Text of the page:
Rangers are advising West Dam Park visitors to bring their own water because of E. Coli in the water.
News 12 at Six O' Clock / June 17, 2011
COLUMBIA COUNTY, Ga. -- It's a popular spot at the lake, but rangers are warning about something in the water at West Dam Recreation Area.
If you are heading out to the park and recreation area, they want you to add one more item to your bag.
That's because a monthly checkup of their water came back positive for E. Coli.
The message is simple: "Most importantly, bring your own refreshments."
West Dam visitor Lou Chalker says, "Bring your own water when you come to the lake."
The problem is a little complex.
Environmental Compliance Coordinator Eric Haskell says they aren't really sure of the cause.
In May, their monthly test came back positive for Coliform bacteria meaning disease-causing organisms were found in the drinking water.
Haskell says, "We've put chlorine through the system three times, but we're still getting a positive in the well itself which is a more difficult problem. We're not sure how it's getting into the system because it's coming from underground somehow."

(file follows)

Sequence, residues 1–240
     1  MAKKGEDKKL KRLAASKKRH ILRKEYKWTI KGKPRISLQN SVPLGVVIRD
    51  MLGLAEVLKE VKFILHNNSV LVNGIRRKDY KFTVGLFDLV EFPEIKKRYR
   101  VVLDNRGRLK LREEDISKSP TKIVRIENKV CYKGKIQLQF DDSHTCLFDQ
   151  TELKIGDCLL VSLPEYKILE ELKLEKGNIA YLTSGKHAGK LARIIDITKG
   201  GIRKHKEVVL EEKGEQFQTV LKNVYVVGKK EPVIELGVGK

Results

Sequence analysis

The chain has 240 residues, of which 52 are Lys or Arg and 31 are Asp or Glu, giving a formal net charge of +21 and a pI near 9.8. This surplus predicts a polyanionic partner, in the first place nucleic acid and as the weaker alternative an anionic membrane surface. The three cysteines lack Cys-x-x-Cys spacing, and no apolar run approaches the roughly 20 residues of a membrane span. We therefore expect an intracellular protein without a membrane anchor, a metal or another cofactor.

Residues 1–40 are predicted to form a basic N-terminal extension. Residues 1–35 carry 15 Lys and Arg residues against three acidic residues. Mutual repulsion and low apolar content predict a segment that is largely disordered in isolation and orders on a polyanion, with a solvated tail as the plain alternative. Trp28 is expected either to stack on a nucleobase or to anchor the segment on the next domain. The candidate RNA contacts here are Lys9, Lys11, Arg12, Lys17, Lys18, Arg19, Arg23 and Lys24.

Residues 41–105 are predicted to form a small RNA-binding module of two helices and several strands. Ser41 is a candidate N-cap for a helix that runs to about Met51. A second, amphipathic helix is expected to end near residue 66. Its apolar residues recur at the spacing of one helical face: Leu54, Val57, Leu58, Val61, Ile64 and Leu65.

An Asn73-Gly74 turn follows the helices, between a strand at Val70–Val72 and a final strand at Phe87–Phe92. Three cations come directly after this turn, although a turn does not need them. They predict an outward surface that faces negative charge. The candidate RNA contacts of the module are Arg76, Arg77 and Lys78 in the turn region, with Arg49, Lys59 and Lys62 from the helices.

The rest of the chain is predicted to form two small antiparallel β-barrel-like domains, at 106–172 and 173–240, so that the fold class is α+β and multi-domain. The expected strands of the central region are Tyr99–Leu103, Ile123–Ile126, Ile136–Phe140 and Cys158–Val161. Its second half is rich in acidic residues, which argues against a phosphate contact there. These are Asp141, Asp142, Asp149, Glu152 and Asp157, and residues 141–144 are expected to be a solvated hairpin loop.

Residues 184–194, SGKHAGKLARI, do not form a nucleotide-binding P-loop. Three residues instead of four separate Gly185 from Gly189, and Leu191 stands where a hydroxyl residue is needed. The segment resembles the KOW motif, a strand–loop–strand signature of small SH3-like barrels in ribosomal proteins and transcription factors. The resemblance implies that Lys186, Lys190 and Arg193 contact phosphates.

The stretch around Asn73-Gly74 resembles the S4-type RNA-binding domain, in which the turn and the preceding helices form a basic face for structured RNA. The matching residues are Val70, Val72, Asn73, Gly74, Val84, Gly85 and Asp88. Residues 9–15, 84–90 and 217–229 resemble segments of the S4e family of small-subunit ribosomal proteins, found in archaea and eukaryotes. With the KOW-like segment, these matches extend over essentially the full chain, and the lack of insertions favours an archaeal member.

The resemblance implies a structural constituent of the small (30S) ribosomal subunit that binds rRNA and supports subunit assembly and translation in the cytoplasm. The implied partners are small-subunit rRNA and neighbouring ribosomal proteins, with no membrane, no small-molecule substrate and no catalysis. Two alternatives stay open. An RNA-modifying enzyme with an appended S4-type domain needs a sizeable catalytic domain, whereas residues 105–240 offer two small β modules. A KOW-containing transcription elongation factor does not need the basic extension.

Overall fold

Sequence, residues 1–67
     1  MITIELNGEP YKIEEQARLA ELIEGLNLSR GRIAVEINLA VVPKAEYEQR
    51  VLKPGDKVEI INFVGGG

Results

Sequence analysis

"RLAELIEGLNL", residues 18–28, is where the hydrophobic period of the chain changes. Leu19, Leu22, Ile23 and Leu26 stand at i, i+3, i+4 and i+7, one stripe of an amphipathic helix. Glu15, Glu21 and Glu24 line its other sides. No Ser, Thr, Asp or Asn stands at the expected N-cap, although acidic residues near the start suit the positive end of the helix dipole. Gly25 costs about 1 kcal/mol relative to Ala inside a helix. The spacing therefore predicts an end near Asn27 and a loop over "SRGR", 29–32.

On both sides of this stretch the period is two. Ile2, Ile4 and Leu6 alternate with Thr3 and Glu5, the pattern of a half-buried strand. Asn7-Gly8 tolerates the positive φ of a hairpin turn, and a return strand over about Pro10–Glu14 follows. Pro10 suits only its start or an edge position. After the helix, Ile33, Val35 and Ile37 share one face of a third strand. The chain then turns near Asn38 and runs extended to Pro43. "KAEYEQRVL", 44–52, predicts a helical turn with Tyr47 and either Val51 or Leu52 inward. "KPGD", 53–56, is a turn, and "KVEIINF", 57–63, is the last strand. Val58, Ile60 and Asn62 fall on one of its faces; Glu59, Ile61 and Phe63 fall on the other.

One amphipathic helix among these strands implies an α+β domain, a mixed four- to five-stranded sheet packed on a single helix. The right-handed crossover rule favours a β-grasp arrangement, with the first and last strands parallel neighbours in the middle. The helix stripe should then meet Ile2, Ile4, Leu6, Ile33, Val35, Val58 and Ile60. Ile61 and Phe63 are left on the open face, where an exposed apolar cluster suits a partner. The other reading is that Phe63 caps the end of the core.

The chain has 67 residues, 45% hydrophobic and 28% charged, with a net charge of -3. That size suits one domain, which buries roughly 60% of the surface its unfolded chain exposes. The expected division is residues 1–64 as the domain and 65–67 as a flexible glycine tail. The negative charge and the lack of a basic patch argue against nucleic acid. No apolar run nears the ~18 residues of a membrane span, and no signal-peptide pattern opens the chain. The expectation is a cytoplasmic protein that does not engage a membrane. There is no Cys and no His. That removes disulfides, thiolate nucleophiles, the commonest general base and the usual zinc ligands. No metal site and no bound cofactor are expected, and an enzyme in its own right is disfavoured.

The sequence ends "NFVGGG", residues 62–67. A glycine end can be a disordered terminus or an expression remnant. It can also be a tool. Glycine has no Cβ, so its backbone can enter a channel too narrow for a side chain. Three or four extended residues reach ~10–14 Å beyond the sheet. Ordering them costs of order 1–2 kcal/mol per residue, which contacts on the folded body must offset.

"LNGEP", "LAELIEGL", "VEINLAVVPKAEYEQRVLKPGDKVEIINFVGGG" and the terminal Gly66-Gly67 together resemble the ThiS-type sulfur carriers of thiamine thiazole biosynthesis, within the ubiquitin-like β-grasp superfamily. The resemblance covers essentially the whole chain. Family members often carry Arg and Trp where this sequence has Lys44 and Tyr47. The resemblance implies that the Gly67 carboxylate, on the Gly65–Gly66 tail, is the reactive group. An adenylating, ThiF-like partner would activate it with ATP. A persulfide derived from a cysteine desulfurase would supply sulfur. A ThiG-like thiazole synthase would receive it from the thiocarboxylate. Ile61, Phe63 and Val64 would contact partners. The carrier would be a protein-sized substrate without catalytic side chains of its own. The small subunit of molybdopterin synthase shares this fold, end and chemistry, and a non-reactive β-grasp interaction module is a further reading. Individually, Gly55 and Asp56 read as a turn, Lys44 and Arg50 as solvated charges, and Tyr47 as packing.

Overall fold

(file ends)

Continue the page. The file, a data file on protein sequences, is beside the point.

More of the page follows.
They run off of well water and when they retested this month, Haskell says that one was positive for E. Coli as opposed to just Coliform.
Not all E. Coli strains are harmful but they don't want to run a risk.
Outside they've removed the spigots, but in the bathrooms they still have running water so you can still flush the toilet and you can still wash your hands.
So like Chalker's family who say, "We bring our own water," they want you to make sure you bring your own.
Chalker says, "Nobody wants to get sick or anything but, you know, I wouldn't advise anybody to drink it."
Haskell says, "We had considered closing the park, but since it's a day use park you don't have people camping out relying on water locally. We figured it was more in the public interest to leave the park open and just warn people."
They have contacted all of those who have reservations and there are postings on all the doors and water supplies.
There have been no reports of anyone getting sick.
The bigger problem is that they don't know the source of the issue.
They believe it may be contaminated groundwater seeping in and have some fixes in mind.
Haskell says they are looking at long-term and most cost-effective options.